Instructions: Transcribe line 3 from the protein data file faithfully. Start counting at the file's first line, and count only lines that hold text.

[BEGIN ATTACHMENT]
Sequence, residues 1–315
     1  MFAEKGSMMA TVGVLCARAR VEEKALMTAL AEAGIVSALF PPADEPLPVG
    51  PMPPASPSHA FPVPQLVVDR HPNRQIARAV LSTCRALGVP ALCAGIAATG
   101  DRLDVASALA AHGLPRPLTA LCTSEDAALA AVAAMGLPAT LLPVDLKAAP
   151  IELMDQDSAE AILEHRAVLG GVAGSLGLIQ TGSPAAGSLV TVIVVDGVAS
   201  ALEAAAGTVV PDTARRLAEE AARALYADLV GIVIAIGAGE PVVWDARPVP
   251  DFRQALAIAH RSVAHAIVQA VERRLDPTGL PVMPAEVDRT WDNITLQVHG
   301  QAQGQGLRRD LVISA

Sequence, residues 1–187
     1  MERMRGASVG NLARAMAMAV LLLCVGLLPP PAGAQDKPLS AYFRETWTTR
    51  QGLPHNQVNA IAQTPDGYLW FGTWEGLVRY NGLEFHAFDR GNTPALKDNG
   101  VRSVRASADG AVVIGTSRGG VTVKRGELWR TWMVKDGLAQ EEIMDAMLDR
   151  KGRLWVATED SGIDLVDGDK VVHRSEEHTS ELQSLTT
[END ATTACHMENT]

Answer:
    51  PMPPASPSHA FPVPQLVVDR HPNRQIARAV LSTCRALGVP ALCAGIAATG